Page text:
Amnesty has lost focus on rights of prisoners of conscience
Discounting principles behind Alexie Navalny case evidences a watchdog spread too thin
Russian opposition leader Alexei Navalny: In 2007, he expressed anti-immigration and nationalistic opinions that, in Amnesty’s view, amounted to advocacy of hatred. Photograph: Alexander Zemlianichenko
The term “unique selling proposition” or USP was invented by Rosser Reeves, a pioneer of television advertising in the United States in the 1940s. It refers to the unique characteristics of a product or service that distinguish it from its competitors.
Although its aims were much more noble and important than selling consumer goods, when I was first inspired to join Amnesty International as a teenager in the 1990s, it had a very strong USP. Amnesty was THE organisation for prisoners of conscience.
As its founders had written in a newspaper article that led to its founding in 1961, Amnesty campaigned for those who were “imprisoned, tortured or executed because [their] opinions or religion are unacceptable to [their] government”.
Amnesty took a principled stand against punishment of people for their views. It did not matter whether you agreed or disagreed with someone’s views, the important thing was that people should not be punished because of their opinions. Amnesty was as energetic in its defence of those locked up by right-wing regimes in 1960s Spain and Portugal as it was in its advocacy of dissidents imprisoned in the Soviet Union.
This principled position allowed Amnesty to refute allegations that their campaign for prisoners of conscience was simply a disguised form of partisan politics and gave them a unique authority.
It was therefore with great sadness that I read the news that Amnesty had decided that it would no longer consider Alexie Navalny to be a prisoner of conscience. Amnesty took this decision on the basis that Navalny, who has been poisoned and then imprisoned for his opposition to the Putin regime, in 2007 expressed anti-immigration and nationalistic opinions that, in Amnesty’s view, amounted to advocacy of hatred.
Amnesty’s position is that if a person peacefully expresses views that it considers amount to advocacy of hatred, that person cannot be a prisoner of conscience, even if their imprisonment is on the basis of entirely separate views they hold that have placed them in opposition to their government. In the interests of fairness, it should be pointed out that Amnesty still believes that, although he is not a prisoner of conscience, Navalny should be released (a distinction unsurprisingly seemed lost on the Kremlin’s online fans who have rushed to highlight Amnesty’s denunciation of Vladimir Putin’s most famous political prisoner).
In some ways, this is the endpoint of a longer story. Amnesty’s mission has been steadily changing over recent decades. As their own website puts it “Amnesty has grown from seeking the release of political prisoners to upholding the whole spectrum of human rights”. Amnesty has broadened its focus to campaign on a whole range of broader human rights issues such as poverty, gay rights, abortion, trans rights and migrant rights among others.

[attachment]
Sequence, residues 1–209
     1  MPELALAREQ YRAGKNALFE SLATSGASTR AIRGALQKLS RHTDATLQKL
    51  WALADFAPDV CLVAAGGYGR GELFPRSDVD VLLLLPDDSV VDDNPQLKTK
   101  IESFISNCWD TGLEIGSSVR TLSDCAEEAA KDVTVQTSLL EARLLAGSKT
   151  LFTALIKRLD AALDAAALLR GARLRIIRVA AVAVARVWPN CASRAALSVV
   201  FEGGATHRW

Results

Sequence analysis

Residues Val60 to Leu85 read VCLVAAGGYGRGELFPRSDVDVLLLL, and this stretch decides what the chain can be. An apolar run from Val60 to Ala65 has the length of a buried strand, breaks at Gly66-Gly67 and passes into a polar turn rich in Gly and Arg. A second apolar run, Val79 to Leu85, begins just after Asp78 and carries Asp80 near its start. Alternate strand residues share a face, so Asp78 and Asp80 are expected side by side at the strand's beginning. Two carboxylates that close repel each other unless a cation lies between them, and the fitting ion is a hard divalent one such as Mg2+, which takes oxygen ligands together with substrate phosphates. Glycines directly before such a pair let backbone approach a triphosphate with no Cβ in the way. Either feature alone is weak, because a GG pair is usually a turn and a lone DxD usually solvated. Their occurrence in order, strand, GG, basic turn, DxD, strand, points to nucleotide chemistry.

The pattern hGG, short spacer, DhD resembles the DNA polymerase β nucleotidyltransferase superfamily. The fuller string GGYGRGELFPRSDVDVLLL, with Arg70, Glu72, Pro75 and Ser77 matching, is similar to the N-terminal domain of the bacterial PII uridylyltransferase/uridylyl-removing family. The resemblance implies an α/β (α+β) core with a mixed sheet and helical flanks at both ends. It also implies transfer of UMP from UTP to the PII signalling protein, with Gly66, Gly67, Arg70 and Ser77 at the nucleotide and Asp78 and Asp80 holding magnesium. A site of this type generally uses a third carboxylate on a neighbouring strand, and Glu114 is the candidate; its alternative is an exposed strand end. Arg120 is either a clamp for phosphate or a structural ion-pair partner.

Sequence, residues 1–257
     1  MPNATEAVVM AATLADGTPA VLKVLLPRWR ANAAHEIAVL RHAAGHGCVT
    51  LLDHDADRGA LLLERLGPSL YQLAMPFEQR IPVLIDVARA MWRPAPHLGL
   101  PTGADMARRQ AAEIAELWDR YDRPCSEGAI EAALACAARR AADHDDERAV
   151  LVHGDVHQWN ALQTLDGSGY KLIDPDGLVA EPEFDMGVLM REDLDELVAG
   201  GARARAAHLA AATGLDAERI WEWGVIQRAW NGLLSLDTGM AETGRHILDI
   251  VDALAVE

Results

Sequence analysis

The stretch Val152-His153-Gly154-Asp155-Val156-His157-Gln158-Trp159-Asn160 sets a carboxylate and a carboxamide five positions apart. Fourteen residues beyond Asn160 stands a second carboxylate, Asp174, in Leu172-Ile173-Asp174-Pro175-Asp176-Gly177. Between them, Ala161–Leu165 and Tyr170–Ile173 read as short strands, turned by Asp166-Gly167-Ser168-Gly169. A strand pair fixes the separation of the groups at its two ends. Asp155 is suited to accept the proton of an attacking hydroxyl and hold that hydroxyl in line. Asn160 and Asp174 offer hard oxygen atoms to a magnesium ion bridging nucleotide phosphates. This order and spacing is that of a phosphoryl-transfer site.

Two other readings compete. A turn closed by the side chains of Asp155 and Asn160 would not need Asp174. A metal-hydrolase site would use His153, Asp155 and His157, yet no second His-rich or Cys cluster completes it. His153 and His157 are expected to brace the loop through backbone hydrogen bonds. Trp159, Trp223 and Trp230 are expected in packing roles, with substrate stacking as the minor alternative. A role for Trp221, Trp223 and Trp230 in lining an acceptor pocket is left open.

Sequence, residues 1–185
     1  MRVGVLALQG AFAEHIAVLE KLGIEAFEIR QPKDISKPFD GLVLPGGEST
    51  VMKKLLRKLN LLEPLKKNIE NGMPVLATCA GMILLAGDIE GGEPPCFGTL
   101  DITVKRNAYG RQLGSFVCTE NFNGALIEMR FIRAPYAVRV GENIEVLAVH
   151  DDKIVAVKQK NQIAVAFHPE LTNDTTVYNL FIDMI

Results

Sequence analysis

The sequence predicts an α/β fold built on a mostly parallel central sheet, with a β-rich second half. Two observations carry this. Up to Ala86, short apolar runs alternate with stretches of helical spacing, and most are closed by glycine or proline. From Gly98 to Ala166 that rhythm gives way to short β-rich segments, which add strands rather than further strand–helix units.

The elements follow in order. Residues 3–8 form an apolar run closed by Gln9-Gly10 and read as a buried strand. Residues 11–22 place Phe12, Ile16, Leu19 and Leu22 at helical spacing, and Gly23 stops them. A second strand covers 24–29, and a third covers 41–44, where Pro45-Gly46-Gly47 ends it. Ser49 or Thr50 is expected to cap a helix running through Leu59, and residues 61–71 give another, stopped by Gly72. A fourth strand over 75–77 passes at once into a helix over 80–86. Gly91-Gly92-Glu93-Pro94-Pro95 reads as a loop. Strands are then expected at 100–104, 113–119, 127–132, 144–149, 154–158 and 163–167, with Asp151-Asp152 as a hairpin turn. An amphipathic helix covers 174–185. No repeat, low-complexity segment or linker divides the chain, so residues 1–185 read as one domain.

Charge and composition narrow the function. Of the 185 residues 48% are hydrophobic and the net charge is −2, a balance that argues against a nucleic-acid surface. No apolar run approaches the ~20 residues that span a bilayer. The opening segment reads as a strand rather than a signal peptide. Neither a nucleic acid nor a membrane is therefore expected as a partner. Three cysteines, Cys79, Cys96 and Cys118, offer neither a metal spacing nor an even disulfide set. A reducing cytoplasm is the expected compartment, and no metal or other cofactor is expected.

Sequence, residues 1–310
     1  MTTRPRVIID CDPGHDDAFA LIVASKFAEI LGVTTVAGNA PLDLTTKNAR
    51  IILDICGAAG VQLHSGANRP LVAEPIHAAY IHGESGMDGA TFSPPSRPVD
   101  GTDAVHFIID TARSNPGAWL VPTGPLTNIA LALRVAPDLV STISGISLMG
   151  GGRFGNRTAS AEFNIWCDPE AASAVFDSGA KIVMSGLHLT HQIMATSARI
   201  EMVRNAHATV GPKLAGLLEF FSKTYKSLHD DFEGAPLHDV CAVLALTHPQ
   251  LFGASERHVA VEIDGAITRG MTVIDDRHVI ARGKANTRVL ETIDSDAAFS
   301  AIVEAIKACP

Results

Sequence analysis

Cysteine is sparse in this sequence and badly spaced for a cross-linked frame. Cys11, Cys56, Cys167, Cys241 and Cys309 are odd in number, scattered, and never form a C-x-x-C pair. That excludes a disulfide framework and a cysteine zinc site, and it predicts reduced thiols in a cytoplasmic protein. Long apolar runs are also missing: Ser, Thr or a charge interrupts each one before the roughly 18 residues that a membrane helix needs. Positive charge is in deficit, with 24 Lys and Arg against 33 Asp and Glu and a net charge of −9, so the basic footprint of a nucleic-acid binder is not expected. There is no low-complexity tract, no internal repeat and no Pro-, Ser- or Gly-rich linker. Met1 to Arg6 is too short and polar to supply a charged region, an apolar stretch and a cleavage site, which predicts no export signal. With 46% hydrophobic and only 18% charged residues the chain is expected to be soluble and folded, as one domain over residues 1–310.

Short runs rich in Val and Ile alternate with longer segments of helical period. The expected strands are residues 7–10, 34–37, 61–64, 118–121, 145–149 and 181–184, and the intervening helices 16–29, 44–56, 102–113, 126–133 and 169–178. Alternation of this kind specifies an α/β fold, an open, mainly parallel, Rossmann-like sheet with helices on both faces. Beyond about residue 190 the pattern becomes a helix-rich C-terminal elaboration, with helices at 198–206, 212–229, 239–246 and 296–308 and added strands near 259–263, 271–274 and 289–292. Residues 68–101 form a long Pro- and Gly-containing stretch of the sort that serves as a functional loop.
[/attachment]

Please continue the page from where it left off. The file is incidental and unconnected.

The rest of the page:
Although I usually supported the goals Amnesty campaigned in favour of, I confess that this change made me uneasy. I feared that the disciplined, principled USP that allowed Amnesty to make such a particular contribution on the question of prisoners of conscience would be undermined by a broader focus. There are organisations campaigning on all of the broader issues that Amnesty began to engage with, so the opportunity to add value seemed less. In addition, the term “human rights” covers such a range of policy questions that I feared that the difference between Amnesty and a more generally left-wing pressure group may become difficult to see.
What I did not foresee was that the new broader focus would end up not merely diluting focus but would destroy the ability of Amnesty to campaign effectively on the issue that it was founded to fight for – the rights of prisoners of conscience.
Amnesty’s current position undermines the key distinction that made their advocacy on the issue of prisoners of conscience so effective in the past. They used to argue that it did not matter what the substance of a person’s views was, the important thing was that people should not be imprisoned for peacefully holding and expressing them.
Now the position is that if someone is guilty of advocating “hatred” (itself a concept notoriously susceptible to concept creep), a person cannot be a prisoner of conscience. In other words: express views that Amnesty finds abhorrent and you cannot be a prisoner of conscience.
Perhaps this was inevitable. It is hard to be an effective advocate on the issue of prisoners of conscience at the same time as taking substantive positions on a range of other politically sensitive issues. Perhaps Amnesty has a successful future in store for it as a left-wing campaigning group. But its current position – that a person imprisoned for their views is not a prisoner of conscience if they have expressed views that Amnesty finds abhorrent – means that Amnesty’s old role, as the principal advocate for the rights of prisoners of conscience, is now vacant.
Ronan McCrea is professor of constitutional and European law at University College London. This article originally appeared on Gazette.ie